of energy consumption. Therefore if the potential for CO
reduction is judged by the amount of energy
used, then the greatest potential among residential users lies with single family residences.
Commercial buildings range widely in size, energy intensity, function, and ownership. Table 2
characterizes them according to primary function. Offices dominate, both in terms of square footage 
(22 percent) and energy consumption (21 percent). 
In sum, these statistics suggest that the most obvious opportunities to reduce GHG emissions
through improvements in end use efficiency are space heating (especially in the residential sector), air
conditioning, lighting (especially in the commercial sector), and water heating (especially in the residen 
tial sector). In the residential sector, the biggest opportunity lies with single family residences; in the
commercial sector, office buildings are the most important single target.
B. New Construction versus Renovation
For policy purposes, it is important to distinguish between new and
existing buildings and communities.
New construction can more easily incorporate novel,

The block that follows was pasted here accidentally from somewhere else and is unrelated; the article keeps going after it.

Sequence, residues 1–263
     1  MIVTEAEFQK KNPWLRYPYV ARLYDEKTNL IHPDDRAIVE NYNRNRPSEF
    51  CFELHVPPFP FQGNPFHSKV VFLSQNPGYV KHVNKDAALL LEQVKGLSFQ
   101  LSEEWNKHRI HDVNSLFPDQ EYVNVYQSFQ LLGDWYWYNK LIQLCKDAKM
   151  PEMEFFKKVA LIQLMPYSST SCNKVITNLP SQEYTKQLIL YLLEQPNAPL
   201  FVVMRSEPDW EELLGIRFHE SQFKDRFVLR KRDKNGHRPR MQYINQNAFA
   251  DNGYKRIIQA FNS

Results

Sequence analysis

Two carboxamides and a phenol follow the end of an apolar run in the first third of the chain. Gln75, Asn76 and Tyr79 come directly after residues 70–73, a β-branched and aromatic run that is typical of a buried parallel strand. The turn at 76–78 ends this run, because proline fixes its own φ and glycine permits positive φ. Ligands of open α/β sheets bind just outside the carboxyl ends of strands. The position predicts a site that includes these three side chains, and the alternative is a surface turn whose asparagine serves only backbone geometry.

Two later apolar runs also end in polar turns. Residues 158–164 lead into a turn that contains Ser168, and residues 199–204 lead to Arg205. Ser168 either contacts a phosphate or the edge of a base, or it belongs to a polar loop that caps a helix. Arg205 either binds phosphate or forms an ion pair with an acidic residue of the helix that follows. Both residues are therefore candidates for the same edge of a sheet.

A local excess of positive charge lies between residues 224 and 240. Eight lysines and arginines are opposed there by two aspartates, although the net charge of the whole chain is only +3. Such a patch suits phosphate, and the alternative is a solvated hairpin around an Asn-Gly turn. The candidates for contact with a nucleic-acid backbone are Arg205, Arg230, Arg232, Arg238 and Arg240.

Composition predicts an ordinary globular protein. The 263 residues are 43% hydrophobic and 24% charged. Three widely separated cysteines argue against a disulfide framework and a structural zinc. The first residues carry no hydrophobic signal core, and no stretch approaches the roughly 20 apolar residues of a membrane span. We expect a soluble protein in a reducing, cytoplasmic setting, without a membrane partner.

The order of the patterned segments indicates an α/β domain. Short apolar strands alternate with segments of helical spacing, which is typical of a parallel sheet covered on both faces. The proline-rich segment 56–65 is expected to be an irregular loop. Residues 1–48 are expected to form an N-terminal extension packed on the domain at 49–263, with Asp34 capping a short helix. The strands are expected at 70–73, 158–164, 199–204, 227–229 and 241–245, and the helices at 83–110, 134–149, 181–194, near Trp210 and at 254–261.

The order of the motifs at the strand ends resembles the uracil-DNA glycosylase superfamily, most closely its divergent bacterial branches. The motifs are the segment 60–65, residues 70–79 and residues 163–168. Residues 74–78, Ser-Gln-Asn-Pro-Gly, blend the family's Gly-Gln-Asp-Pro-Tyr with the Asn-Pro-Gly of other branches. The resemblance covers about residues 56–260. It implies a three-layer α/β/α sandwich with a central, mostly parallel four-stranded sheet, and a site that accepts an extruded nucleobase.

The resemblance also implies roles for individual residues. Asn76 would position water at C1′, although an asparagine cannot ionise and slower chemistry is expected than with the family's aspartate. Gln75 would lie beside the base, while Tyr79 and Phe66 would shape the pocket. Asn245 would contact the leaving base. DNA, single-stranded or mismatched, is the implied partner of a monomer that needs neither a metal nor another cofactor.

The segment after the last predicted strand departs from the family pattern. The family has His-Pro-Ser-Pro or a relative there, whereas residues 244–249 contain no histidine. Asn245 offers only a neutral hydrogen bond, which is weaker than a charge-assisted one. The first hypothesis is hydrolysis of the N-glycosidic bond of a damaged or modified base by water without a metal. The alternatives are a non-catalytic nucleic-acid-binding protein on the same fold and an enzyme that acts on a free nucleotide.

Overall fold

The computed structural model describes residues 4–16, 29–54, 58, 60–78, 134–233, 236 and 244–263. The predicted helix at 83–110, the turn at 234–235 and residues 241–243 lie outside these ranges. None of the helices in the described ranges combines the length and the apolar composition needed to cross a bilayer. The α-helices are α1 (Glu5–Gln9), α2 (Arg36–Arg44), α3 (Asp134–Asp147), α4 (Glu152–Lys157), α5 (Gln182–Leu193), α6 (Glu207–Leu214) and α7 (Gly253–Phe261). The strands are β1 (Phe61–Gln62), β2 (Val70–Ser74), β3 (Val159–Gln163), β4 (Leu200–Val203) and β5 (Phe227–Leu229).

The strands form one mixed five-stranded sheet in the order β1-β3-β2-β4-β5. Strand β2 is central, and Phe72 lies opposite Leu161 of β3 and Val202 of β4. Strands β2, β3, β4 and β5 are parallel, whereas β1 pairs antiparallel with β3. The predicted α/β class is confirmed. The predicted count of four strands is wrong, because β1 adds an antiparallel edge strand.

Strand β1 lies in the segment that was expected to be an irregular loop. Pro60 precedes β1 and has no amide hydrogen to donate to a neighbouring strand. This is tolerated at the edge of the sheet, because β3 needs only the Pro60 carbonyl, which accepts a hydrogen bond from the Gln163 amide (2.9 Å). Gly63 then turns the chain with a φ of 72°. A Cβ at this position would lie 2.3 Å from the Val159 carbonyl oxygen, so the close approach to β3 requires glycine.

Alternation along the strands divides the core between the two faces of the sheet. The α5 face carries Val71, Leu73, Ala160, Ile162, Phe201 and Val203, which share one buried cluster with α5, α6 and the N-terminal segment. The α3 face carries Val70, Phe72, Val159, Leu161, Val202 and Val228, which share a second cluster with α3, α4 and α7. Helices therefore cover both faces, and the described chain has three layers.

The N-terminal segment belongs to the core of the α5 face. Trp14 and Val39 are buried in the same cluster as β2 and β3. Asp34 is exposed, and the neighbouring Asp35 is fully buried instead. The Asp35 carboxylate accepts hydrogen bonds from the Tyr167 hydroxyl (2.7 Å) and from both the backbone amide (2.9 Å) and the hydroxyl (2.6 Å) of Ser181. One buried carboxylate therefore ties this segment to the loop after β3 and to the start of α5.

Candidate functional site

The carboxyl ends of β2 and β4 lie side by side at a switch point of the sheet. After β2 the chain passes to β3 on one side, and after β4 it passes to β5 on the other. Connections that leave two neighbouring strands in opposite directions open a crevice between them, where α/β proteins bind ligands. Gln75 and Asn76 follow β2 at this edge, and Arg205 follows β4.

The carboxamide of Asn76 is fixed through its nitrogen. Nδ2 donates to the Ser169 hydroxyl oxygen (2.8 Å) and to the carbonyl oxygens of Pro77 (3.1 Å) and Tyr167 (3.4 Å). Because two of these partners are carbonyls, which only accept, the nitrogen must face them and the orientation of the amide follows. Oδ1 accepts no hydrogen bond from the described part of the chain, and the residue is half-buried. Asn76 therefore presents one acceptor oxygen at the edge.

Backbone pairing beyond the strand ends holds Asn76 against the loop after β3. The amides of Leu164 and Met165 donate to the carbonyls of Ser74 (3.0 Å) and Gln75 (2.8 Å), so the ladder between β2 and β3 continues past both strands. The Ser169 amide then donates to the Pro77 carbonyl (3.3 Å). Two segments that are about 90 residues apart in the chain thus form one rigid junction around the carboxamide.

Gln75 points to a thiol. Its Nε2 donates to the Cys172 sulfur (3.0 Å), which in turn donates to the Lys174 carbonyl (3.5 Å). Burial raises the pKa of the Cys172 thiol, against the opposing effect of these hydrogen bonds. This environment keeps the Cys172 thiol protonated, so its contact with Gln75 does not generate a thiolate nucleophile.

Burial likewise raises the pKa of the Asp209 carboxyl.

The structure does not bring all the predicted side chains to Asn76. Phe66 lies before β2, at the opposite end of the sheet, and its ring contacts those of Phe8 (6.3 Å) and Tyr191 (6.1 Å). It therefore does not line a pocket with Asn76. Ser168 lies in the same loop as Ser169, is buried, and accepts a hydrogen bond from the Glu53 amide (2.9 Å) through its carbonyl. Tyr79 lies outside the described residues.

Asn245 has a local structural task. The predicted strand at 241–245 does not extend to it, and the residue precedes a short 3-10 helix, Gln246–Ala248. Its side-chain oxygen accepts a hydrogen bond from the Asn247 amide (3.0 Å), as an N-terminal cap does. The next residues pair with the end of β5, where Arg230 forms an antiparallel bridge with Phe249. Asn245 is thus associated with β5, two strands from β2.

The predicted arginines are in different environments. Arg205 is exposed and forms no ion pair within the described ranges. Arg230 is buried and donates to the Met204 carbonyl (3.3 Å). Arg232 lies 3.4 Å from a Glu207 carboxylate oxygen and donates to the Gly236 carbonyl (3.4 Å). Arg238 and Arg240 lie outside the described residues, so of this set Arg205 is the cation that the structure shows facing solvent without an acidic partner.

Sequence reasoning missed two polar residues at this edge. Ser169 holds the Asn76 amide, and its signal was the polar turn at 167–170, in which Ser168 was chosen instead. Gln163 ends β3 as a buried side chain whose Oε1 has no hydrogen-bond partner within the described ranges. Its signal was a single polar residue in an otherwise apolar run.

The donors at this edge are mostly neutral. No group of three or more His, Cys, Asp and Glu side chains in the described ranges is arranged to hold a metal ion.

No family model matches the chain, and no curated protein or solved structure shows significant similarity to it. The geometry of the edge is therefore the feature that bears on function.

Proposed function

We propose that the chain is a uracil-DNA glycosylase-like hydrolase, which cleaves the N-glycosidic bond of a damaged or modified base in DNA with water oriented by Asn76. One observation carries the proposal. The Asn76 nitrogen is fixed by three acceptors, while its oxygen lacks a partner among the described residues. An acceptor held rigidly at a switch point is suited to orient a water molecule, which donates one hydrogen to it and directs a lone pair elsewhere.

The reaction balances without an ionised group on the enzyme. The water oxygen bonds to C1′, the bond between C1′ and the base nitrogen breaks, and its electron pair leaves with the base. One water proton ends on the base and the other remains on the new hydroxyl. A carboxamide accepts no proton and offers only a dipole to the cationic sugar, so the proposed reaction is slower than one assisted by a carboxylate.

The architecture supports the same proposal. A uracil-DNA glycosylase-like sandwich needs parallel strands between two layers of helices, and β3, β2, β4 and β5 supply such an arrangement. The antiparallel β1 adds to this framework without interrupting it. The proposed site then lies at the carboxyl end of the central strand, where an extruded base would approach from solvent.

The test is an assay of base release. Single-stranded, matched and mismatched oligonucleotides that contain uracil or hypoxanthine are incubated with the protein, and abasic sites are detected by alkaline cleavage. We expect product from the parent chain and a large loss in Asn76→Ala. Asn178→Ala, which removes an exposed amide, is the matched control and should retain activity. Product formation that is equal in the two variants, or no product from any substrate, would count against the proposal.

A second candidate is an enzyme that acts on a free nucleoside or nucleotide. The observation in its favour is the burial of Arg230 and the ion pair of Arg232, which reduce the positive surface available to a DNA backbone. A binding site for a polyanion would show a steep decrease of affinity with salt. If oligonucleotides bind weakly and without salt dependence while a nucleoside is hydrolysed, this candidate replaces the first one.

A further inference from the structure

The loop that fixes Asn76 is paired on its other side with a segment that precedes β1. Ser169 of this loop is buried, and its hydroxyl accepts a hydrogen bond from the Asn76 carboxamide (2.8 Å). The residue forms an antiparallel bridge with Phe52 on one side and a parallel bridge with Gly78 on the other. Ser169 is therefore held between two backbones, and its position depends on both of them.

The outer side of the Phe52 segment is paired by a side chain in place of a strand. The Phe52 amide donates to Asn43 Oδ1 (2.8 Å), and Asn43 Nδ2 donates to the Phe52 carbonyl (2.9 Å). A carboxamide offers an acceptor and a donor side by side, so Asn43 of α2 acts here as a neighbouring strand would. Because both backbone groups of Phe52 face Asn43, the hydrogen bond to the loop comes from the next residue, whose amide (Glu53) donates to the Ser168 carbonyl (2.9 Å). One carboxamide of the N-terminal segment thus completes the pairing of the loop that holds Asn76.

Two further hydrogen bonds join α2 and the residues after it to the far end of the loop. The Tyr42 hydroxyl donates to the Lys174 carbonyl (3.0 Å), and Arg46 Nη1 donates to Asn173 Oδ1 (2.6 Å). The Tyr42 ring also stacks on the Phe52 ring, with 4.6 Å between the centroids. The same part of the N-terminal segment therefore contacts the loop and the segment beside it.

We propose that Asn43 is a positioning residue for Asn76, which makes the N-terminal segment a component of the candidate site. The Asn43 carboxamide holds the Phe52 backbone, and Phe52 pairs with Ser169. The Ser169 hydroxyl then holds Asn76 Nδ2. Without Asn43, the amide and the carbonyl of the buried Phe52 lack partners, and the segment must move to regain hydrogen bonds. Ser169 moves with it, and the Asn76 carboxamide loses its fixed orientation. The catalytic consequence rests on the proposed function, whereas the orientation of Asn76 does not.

low GHG technologies and is therefore often a harbinger of future trends. In addition, new building tech 
nologies are often introduced in the new construction market but then spill over into the building retrofit
and renovation trades. While new buildings amount to only 2 to 3 percent of the existing building stock
in any given year, new construction practices will have an increasing impact over time. 
The value of U.S. construction in 2000 is estimated to have been $1.3 trillion (2000$) including
new construction, renovation, heavy construction, and public works. This represents 13.2 percent of U.S.
GDP. New buildings construction represents almost half of this total ($562 billion), and building renovation
was valued at $265 billion.
Given the longevity of buildings and the amount spent annually on renova 
tion, the existing building market represents a key, yet often harder, opportunity for GHG reduction.
The vast majority of the buildings that exist today will still exist in 2015, and at least half of the
current stock will still be standing by mid century. As a result, retrofitting structures and upgrading the
efficiency and operation of their heating, ventilation, and air conditioning systems offer an important
near term opportunity to significantly reduce GHG emissions. Existing communities also can be made
more efficient by adding new structures in passed over parcels of land, allowing mixed uses that reduce
transportation requirements, and building new pedestrian and bicycle paths to encourage non motorized
Towards a Climate Friendly  
Built Environment

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